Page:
I (Esther) was unsure how I would earn a living when I was so sick. In the early days, I sent referrals to friends and colleagues. This is how Lifespan Psychology-The Diverse Practice® started – as a one-woman band – and is now a team of 16 or more psychologists and psychotherapists, and growing, with practitioners with heritages from around the world.

In my personal life, as hard as it may be – I try not to spend too much time with people who send off negative vibes — they are drains, so surround yourself with radiators! We always try to do what we can for others who may need support, but if you are made to feel bad at the same time you are helping the person — consider running for the hills

12. Plan for the Future

The worst-case scenario is always extremely frightening. In the early days, before you adjust to a diagnosis, you expect the worst outcomes. It is almost more grounding than the overwhelm of uncertainty and hope, to believe in the worst-case scenario. In all honesty, in the back of our minds, we are naturally scared of death or leaving our children and loved ones behind, but it is important that this is only one of a myriad of other possibilities we can conceive of for the immediate future. Embrace every precious moment you can with happiness and joy.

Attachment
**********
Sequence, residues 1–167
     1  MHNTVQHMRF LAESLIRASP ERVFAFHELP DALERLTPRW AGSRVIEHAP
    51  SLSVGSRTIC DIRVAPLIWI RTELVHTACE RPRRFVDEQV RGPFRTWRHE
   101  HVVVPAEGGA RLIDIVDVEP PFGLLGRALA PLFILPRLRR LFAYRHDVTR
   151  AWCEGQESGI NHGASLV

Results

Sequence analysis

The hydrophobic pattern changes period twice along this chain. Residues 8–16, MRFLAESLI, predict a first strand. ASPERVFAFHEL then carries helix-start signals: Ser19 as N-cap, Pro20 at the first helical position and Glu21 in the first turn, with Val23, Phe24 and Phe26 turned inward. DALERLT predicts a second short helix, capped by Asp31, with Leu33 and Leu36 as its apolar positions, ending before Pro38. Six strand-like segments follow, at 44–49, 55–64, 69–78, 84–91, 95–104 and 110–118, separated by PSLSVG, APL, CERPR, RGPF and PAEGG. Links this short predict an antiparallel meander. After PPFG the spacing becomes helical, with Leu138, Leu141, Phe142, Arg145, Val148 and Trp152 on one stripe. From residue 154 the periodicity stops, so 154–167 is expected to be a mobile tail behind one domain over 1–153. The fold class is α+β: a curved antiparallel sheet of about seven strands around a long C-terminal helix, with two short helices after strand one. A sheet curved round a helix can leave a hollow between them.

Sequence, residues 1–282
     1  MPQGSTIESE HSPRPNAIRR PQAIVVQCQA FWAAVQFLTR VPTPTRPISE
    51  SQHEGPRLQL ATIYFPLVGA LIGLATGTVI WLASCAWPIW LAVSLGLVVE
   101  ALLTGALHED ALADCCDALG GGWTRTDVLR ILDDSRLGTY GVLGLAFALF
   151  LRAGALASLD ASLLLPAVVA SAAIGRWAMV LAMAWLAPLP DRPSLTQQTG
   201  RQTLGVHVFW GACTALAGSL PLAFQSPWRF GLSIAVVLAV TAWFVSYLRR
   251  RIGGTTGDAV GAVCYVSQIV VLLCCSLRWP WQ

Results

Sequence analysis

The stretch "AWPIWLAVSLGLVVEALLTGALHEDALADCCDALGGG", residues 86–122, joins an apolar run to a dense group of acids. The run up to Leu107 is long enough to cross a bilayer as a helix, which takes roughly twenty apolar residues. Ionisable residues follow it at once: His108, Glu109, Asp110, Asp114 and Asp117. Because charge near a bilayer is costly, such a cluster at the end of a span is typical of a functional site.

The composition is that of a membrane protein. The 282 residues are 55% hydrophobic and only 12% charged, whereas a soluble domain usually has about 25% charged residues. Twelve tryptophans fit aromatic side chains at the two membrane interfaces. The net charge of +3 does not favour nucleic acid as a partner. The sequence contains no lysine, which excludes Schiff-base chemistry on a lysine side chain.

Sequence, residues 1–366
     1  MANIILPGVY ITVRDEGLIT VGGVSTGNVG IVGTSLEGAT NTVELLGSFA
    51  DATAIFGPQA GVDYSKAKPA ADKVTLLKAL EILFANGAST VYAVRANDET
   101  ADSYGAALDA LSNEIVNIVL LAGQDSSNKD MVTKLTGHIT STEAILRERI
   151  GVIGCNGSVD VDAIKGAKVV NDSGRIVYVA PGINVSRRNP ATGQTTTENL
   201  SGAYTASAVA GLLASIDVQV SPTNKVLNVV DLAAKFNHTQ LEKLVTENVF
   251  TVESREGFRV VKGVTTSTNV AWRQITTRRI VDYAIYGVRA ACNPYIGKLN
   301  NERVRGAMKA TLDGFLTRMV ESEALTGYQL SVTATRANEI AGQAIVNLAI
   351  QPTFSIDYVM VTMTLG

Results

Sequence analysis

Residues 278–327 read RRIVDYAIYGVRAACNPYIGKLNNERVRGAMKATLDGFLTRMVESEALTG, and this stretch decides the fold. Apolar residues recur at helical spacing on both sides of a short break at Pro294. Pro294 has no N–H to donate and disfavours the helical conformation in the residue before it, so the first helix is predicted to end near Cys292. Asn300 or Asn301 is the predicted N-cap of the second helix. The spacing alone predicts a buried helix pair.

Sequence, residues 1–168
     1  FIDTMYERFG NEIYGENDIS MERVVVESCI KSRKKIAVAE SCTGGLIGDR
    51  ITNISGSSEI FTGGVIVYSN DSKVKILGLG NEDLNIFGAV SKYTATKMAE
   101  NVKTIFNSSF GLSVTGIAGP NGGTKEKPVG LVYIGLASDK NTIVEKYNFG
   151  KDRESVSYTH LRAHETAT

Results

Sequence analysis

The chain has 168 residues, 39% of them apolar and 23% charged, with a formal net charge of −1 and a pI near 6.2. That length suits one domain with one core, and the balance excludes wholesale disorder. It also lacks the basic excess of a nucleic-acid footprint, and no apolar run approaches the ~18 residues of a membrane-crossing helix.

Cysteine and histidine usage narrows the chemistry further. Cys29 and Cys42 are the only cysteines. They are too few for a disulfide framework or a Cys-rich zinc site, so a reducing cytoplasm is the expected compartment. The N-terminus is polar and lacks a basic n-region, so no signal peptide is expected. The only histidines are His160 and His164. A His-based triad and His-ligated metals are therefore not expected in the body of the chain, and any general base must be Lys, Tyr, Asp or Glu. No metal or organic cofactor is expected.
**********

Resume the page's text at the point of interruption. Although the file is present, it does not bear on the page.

“Perfect happiness is a beautiful sunset,
the giggle of a (grand)child, the first snowfall. It’s the little things that make happy moments, not the grand events. Joy comes in sips, not gulps.“ Sharon Draper

Read the sister article: We Need to Talk About Organ Donation”: On Being of African Ancestry with Chronic Kidney Disease (CKD)


Jim, J. & Cole, E. (2019). Psychological Therapy for Paediatric Acquired Brain Injury. Innovations for Children, Young People and Families. London: Routledge.

Dawe, G., Tan, X. & Xiao, Z. (2007). Cell Migration from Baby to Mother. Cell Adh Migr, 1 (1) 19-27.

Miralles, F& Garcia, H. (2017). lkigai: The Japanese Secret to a Long and Happy Life. London: Penguin Book

Dr Esther Cole

Founder & Clinical Director Lifespan Psychology – The Diverse Practice

Catriona Harrison-Harvey

Specialist Paediatric

Occupational Therapist

Originally published in Parents in Biz Magazine – June 2023